POSTOKEN PoSToken is the world’s first Proof-of-Stake smart contract token on Ethereum platform. It’s based on the ERC20 Token Standard and implements all standard methods. As an Ethereum token, PoSToken first implements the Proof-of-Stake mechanism, meaning that every holder can earn some extra tokens just by holding PoSToken for a period of at least 3 days, greater than or equal to The Minimum Coin Age.

Furthermore, the idea of PoSToken is not only to issue a simple Ethereum Token with Proof-ofStake but also to define a brand new Token Standard for Proof-of-Stake tokens. A interface including some standard functions was defined in the code of PoSToken, we call it PoSTokenStandard, which is like the ERC20 standard. PoSTokenStandard is a new Token Standard devised specifically for issuing Proof-of-Stake tokens and maintained by PoSToken Dev Team. Although it’s an unofficial Token Standard, we will do our best to build an entire and healthy ecosystem based on PoSTokenStandard. A series of services and applications that use PoSTokenStandard will be created in the near future. This future of Proof-of-Stake tokens starts here and we believe that a new era of Crypto Tokens is coming.

Website : https://postoken.org/

3 Major Crypto-Mining Challenges and How to Conquer Them

Crypto mining is the process of releasing cryptocurrencies into a network by completing a given set of mathematical computations. And just like any other mining industry -- gold, data, etc.-- it comes with a unique set of challenges.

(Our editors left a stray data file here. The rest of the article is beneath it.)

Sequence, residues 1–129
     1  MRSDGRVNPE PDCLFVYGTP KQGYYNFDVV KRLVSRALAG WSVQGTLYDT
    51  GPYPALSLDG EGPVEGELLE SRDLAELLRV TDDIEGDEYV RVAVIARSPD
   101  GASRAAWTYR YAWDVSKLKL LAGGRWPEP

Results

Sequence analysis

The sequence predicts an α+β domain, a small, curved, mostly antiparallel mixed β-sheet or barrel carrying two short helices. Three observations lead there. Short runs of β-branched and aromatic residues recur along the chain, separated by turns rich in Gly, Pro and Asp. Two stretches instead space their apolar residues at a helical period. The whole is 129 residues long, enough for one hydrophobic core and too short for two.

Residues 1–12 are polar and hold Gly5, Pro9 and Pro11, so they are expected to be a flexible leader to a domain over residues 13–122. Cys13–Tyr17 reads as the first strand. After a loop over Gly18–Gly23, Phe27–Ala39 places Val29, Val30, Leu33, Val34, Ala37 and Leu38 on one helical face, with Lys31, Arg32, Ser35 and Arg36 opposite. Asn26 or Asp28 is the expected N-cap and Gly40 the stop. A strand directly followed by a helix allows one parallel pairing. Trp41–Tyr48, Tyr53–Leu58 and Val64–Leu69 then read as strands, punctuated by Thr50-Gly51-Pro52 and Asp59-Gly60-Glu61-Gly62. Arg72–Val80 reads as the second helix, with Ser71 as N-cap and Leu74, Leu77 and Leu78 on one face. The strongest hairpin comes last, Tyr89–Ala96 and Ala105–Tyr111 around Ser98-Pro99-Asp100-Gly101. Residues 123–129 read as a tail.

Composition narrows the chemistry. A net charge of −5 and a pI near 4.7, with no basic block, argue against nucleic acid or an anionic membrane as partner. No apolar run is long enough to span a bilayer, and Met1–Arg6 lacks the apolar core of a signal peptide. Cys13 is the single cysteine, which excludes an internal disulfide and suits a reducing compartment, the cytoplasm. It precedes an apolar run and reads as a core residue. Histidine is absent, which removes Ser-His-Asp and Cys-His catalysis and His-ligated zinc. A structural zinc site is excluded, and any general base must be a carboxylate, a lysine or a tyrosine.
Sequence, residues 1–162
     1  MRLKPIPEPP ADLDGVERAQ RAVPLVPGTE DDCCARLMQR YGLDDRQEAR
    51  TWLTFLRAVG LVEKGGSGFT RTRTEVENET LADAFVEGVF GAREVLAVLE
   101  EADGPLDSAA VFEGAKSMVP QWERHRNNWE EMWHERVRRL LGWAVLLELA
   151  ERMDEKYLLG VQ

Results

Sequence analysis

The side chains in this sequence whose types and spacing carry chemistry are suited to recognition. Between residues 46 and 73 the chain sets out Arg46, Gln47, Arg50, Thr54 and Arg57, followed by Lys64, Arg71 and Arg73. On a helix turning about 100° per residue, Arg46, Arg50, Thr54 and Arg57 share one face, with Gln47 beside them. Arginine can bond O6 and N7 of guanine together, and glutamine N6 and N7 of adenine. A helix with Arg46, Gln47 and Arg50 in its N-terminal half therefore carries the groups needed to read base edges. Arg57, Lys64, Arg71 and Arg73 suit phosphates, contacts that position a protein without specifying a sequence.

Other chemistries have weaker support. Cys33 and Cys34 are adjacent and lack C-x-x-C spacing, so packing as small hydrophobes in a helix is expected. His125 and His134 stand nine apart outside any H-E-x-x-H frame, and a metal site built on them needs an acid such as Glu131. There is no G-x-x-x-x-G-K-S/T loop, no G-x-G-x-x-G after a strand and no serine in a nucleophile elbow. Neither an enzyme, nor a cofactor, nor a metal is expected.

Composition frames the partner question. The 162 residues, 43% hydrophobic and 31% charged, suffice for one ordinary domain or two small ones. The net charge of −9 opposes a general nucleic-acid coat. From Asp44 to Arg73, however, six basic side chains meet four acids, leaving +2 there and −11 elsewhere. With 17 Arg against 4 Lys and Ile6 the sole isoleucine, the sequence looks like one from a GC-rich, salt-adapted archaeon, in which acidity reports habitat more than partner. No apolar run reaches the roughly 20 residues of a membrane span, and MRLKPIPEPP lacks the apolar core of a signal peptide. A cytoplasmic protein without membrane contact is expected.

For the uninitiated, cryptocurrencies are underpinned by a technology known as blockchain. Blockchains are digital ledgers that permanently store information. More precisely, they are strings of blocks containing verified data joined together by "hashes." Hence, to create a blockchain, data has to be processed and verified. This is where crypto miners come in, verifying data and earning cryptocurrency rewards in return. 
Originally, you could easily mine with your personal computers. However, this isn’t the case anymore, especially with an increase in the number of crypto miners. Theoretically, each crypto has its own “block time.” For Bitcoin, it takes about 10 minutes to mine a block, and for Ethereum, it takes about 20 seconds. With this in mind, it means single computers or PCs are disadvantaged. As such, miners are forced to adopt faster processors. To beat the heat of competition, many miners now adopt a special machine known as an application-specific integrated circuit (ASIC). 
All in all, crypto mining can still be a readily profitable business venture, but it’s very important that you know the three major challenges crypto miners face and how they can be mitigated.
High Energy Costs